Parents who have the determination will find hope and the tools to help their children in Understanding Your Child’s Puzzling Behavior: A Guide for Parents of Children with Behavioral, Social, and Learning Challenges, by Steven E. Curtis, Lifespan, 2008. This book is for parents who have the desire to take charge of their childrens’ social, emotional, and academic health; the stick-to-it attention needed to detail their childrens’ actions and reactions; and the ability for detached observation. A huge task, but not undoable, if the book’s prescriptive methods and realistic advice are followed.
Curtis states that he uses the term puzzling throughout the book to avoid premature diagnoses or judgmental labels and emphasizes positive psychology. His goal is to help parents move through a thorough process of
- observing the child holistically, that is, in many environments and in various dimensions;
- documenting extensively through eight different worksheets (provided in the book and online) that are explained in detail;
- drawing conclusions about the possible causes of a child’s behavior; and
- developing a “specific strength-based” strategy to help the child overcome the puzzling behavior and seeking out professionals, if necessary, to help.
To do this, parents will learn about and employ the methods and resources used by developmental psychologists. He states that this may sound “may sound complex, but in actuality it is not.” When first introduced, understanding and using these tools indeed may seem out of reach for parents not trained in psychology, but he backs up his statement with step-by-step instructions, worksheets, explanations and examples. A determined parent could complete the process, gain insight into their child, and develop a plan of action.
Have I mentioned that the parent needs to be determined? That’s because, although Curtis lays out the methods and processes, putting them into practice will be a challenge for many parents. His advice to step back and observe without emotion or judgment or to interview others, if the parent can not observe directly, may be easier said than done. Will most parents be able to detach, when the health of their beloved child is at stake? That is the conundrum—in order to succeed they must step back and in order to follow through they must engage with love and commitment. Will teachers, counselors, and others who have significant contact with these children be able to give parents the time and similarly-detached observation necessary? In a perfect world the answer would be an emphatic, “yes, of course.” But in a busy world with multiple pressures upon these individuals, can they in practicality provide the attention and answers that are needed? When coordinating their children’s care with multiple providers, will these professionals accept the parents’ advocacy efforts and make the time to collaborate with each other?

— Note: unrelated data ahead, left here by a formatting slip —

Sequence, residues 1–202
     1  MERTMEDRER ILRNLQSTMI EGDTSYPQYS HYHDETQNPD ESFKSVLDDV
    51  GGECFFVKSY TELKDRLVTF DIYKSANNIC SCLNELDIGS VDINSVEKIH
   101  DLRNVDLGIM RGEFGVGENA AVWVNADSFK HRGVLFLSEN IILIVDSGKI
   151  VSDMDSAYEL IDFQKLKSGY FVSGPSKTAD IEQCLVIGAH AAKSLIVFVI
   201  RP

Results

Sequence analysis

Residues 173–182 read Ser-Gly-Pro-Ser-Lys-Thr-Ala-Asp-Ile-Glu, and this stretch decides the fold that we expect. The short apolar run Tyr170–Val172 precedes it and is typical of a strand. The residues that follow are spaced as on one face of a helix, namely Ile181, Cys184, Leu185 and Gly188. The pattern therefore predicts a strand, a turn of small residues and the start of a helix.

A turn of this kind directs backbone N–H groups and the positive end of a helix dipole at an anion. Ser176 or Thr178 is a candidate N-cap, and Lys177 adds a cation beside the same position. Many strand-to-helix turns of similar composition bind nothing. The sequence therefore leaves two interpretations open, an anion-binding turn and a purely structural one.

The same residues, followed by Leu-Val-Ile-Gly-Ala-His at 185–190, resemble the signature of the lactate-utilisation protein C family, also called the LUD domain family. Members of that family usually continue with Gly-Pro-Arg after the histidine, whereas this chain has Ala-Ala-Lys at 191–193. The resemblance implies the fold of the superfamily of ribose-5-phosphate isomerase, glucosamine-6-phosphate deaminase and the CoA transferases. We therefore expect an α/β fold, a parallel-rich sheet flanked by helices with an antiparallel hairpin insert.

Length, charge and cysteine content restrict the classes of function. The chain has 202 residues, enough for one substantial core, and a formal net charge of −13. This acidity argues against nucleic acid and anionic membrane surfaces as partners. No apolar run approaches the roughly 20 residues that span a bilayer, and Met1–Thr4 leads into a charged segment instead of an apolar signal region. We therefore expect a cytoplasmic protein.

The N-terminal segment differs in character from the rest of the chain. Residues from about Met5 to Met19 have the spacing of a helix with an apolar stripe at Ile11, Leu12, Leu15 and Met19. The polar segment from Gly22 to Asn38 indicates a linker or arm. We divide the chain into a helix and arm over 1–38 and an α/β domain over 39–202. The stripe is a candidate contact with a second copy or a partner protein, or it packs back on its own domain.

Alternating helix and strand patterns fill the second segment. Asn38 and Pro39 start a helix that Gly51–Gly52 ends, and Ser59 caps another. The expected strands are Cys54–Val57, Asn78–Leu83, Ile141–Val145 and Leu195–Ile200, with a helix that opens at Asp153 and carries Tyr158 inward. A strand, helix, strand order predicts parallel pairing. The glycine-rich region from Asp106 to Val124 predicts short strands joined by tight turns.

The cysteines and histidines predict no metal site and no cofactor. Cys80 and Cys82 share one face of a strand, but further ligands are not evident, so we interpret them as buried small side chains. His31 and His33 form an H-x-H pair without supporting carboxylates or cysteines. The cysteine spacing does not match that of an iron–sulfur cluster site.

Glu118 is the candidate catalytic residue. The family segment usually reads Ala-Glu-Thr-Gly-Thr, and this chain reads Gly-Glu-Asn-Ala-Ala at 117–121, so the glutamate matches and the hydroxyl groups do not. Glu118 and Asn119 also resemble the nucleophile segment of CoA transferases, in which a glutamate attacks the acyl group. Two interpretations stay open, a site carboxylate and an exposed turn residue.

These are the tough questions that lay at the heart of delving into the care and development of a child with puzzling behavior. And Curtis admits that these challenges become more difficult the more intractable or complicated the puzzling behavior. He also addresses the realities of frustration, financial strain, and the cycles of hope in the parents search but offers comforting and sensible advice.
Overall this book is a helpful start in giving parents a systematic approach and guide to understanding the terminology and methods used by educational, medical, psychological, and other practitioners who study and work clinically with children. If parents can speak the same language and approach professionals with good documentation, perhaps a greater understanding of the child’s puzzling behavior can be arrived at sooner and more effective solutions can be implemented.
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